NEW MEXICO AND THE APPRENTICESHIP SYSTEM
The State Apprenticeship Council works closely with the NMBTC to make sure the programs are compliant with applicable standards.
Collectively these two organizations are providing learning and earning opportunities for New Mexicans that might not have seen productive employment in their future and helping to keep them employed for the duration of their working career.
Many apprenticeship programs offer college credits for attending classes. For example, apprentices in NM can earn 51 credits through CNM to put towards their Associate’s Degree, if the choose to pursue it.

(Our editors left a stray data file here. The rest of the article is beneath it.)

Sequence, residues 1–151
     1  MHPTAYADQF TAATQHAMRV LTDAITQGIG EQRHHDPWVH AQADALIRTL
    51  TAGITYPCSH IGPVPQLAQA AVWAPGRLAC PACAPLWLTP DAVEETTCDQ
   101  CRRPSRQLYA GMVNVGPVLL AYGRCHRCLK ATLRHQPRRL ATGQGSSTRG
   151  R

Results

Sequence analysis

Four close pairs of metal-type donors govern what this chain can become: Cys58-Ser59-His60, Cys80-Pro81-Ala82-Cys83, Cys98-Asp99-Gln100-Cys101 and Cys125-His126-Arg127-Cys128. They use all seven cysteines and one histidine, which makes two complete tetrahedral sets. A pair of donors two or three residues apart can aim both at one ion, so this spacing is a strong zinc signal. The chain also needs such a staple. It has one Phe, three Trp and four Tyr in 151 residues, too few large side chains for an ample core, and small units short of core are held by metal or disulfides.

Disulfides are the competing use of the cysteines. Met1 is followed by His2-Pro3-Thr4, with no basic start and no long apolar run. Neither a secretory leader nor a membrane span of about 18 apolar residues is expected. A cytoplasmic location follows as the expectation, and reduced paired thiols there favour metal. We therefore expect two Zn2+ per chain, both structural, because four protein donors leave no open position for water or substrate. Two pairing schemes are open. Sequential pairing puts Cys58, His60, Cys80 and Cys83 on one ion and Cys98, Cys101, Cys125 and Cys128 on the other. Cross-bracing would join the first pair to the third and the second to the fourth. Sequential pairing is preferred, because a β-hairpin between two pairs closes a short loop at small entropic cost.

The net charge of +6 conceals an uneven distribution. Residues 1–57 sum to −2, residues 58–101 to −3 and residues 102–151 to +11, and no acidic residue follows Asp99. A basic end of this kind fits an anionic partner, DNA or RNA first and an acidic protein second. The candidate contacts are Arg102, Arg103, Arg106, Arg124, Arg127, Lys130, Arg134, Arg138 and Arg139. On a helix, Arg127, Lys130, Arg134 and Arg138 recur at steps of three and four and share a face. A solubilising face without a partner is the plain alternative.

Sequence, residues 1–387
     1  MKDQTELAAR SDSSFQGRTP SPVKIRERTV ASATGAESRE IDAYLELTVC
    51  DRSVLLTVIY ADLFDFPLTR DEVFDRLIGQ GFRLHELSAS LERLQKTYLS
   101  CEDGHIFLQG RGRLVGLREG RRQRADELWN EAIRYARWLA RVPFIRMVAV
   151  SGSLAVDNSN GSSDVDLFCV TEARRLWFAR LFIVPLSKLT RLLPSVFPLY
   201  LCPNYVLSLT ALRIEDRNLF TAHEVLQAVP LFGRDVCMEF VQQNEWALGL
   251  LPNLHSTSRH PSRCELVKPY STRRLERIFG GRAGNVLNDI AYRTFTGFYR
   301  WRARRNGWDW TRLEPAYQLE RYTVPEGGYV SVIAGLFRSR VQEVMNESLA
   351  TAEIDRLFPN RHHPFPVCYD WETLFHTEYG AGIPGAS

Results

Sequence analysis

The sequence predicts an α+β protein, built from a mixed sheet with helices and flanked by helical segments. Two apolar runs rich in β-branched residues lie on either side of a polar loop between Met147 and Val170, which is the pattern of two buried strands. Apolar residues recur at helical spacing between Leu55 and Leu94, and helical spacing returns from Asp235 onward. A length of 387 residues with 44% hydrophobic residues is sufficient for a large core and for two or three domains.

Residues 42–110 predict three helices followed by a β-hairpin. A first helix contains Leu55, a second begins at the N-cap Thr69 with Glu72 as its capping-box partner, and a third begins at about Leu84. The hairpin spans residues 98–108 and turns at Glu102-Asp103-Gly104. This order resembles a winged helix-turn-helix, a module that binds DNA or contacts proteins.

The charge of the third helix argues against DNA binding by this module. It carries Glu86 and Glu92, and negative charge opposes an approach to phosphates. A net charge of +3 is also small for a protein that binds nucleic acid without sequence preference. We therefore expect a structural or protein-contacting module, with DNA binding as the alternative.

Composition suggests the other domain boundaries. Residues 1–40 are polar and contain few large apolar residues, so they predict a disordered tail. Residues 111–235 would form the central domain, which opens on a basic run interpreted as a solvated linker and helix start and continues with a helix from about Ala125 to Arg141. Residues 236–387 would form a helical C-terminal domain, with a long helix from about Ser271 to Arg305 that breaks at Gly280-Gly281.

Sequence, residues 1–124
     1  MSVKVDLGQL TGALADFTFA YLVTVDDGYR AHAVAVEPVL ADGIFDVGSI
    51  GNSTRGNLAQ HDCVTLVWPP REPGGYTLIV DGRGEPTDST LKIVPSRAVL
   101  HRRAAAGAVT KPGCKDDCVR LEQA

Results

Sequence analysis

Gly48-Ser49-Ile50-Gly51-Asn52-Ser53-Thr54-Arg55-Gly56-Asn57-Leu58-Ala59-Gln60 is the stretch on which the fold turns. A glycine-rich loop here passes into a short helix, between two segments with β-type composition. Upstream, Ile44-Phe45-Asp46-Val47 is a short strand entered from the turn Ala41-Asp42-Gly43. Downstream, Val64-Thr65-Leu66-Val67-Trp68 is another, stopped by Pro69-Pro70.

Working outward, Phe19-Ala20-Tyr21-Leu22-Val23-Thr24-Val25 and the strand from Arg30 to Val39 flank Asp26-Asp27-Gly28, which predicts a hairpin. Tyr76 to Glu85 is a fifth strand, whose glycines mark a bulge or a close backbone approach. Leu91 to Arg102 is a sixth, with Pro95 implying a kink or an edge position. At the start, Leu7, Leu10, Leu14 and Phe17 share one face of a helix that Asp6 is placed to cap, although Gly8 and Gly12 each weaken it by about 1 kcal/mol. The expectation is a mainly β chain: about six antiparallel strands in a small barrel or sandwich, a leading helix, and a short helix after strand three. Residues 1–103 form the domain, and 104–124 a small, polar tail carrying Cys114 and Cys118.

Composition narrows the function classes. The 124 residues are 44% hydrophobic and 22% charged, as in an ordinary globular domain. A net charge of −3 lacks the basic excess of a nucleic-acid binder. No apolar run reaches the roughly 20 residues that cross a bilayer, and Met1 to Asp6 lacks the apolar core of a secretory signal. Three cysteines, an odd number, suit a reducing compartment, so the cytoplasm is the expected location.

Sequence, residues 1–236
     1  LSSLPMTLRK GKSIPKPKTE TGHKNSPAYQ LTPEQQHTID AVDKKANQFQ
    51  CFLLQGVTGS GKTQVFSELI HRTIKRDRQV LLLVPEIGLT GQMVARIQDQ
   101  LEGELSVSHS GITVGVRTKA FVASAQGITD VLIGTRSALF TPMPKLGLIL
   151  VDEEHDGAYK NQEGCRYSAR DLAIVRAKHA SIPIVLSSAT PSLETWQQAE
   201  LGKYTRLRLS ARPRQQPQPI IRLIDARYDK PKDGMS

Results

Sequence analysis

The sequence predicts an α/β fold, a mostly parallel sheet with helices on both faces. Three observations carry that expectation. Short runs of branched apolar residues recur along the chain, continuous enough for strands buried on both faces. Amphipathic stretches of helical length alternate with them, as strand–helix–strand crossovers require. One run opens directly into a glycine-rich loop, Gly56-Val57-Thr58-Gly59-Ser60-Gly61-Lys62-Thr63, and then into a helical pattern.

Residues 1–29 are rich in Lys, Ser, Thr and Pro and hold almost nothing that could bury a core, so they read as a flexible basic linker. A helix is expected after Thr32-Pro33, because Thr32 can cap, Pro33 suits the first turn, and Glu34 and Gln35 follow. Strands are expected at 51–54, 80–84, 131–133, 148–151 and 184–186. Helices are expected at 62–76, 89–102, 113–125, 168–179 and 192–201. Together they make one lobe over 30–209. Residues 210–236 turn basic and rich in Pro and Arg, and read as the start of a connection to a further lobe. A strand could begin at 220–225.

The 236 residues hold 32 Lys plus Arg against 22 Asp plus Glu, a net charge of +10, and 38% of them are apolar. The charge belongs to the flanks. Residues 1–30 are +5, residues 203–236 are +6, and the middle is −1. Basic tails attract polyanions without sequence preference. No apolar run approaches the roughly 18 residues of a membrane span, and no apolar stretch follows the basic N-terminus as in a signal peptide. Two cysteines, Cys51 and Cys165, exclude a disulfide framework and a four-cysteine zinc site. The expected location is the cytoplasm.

It is through partnerships like the one between the NMBTC and the State Apprenticeship Council that New Mexico can better prepare for this state and national growth.If all 440,000 apprentices in the country earned an average annual income of just $15,000 (a low average), nearly $1 billion in tax revenues would be generated, which is a significant return on Federal and State investments.2